Kirk: the other generations, the other generation, yeah,
Trevor: those other generations that are using cannabis more than tobacco and the cannabis use is is increasing and tobacco use is decreasing. So. So, this part, I think he probably nailed it on the head, which just didn't occur to me at all is, you know, cannabis smoking is is the cigarette smoking of the younger generation for for good or for ill. And I think that made a really valid point to his review that this is something that's happening. What's it going to do, especially to the heart?
Kirk: Yes. And I think his paper, also, speaks to the whole issue of of contraindications. And there's a small on the second paper they talk about, they talk about the cytochrome P45 family metabolizing enzymes. And our listeners can get more in-depth on that in our episode. What is episode 80 where we talk about Contraindication
Trevor: Dr. Lindsay Anderson from the Lambert Initiative?
Kirk: Yes. So, So, the second paper does cite that which we we've done a whole episode on. So. So, I guess I just wanted this this voice in our library in the sense that it's it's a paper, it's a paper that discusses cannabis is affecting the cardiovascular system, but it's not a paper that suggests this is happening to a lot of people. It's a paper that suggests that if you do have if you are a chronic smoker, if you are someone that young smoking cannabis every day, that there will be a buildup and there will be an effect down the road. So, be aware of that. And it's a paper that sort of says that, you know what? You know everything in moderation. And if you do decide to smoke a lot, then you might have cardiac problems. So, I like the fact,
Trevor: yeah, no, no to two things, because one, you take a whole lot more history than I do, but I know I have definitely and as fun to listen to him. Talk about this to the. So, Mr. so-and-so, do you drink alcohol? Yes. No. Do you smoke tobacco? Yes. No. Do you use illicit drugs? Oh no. And I've asked that question too, because nobody does illegal drugs. And I, as soon as he said that I was one. Yeah, that is a it's a terrible question because nobody thinks what that whatever they're doing, like take your take your whatever drug you think is the scariest. If you think heroin is a scary drug, could I do? But if I was a regular heroin user, I'm not thinking of that as a bad thing. That's just part of my day. So, no one thinks that their illicit drug use is, in fact, during a whole smoking cessation year we are on a pilot project I asked that question a lot. Literally one guy. And this was way pro-legalization one guy admitted to using cannabis. Ask that can't be right? But yeah, I really like the fact that he eventually came to the conclusion, that asking people if they use illicit drugs didn't give them particularly good information. So, he changed that. Do you do you use marijuana? And then, you know, it's So, much less judgmental than illicit drugs?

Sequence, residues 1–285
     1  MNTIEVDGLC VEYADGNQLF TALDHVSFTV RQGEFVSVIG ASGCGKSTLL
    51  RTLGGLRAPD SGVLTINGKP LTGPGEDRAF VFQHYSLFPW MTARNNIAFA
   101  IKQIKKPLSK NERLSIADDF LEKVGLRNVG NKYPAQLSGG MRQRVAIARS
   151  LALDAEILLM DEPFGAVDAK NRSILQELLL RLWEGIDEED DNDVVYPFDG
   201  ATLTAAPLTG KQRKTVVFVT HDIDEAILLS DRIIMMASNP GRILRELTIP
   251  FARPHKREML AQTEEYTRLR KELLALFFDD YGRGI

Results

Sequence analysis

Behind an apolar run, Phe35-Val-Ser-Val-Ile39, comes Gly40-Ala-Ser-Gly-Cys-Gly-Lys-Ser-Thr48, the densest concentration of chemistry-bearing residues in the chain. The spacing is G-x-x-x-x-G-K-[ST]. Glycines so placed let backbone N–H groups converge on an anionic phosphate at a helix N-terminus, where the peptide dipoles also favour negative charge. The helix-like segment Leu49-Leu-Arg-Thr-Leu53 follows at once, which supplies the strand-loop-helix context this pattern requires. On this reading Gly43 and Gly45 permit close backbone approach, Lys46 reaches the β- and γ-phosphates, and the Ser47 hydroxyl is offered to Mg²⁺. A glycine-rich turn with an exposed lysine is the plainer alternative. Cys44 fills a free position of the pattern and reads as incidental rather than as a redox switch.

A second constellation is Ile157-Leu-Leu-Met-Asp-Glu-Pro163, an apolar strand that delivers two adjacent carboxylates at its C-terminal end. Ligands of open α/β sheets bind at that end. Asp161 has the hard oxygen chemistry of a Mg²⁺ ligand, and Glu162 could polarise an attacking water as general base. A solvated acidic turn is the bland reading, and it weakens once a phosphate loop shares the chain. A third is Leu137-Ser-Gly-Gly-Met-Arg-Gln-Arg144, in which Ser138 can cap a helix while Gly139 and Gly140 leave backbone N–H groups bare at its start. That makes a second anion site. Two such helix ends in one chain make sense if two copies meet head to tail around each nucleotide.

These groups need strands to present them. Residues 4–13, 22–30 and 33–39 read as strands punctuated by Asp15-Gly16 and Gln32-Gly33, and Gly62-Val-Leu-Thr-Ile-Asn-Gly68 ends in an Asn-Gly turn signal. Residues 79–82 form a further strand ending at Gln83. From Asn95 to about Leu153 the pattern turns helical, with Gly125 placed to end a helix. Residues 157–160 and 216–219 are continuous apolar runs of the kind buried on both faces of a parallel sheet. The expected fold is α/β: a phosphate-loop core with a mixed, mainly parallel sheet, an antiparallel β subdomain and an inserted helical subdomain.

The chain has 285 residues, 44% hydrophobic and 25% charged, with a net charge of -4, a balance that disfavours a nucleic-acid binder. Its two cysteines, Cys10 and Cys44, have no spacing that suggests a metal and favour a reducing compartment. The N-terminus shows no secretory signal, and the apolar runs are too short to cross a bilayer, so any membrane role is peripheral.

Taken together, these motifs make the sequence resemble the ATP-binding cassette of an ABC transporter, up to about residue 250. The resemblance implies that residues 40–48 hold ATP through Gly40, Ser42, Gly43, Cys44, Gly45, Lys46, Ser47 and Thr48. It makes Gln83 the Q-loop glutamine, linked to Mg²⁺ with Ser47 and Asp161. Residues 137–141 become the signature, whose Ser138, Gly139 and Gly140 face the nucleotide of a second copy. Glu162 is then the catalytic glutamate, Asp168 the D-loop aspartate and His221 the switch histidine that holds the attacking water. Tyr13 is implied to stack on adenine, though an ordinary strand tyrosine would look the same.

Kirk: Yes. Yeah, well, and in history gathering it, I've had to change my way of asking these questions to. I do come out and say, Are you a cannabis user? And So, I opposed to putting it under the global effect of drugs. But yeah, no. I also, just like talking to him, he's he was a nice guy. He was very informative, very open the chat with me and he was prepared for me to challenge him on some of the sources, and I think he answered it well. So, yeah, I think it's a good voice. Yeah, no,
Trevor: we really appreciate that and thank you. And that wherever his next practice takes him, because it sounds like he's always looking for a new challenge. Keep cannabis in the back of your mind. You know, it's for good or ill. It is. It's part of the it's part of the community now. And if you have any other research papers that come up, give us a call with we'd love to talk to you about it.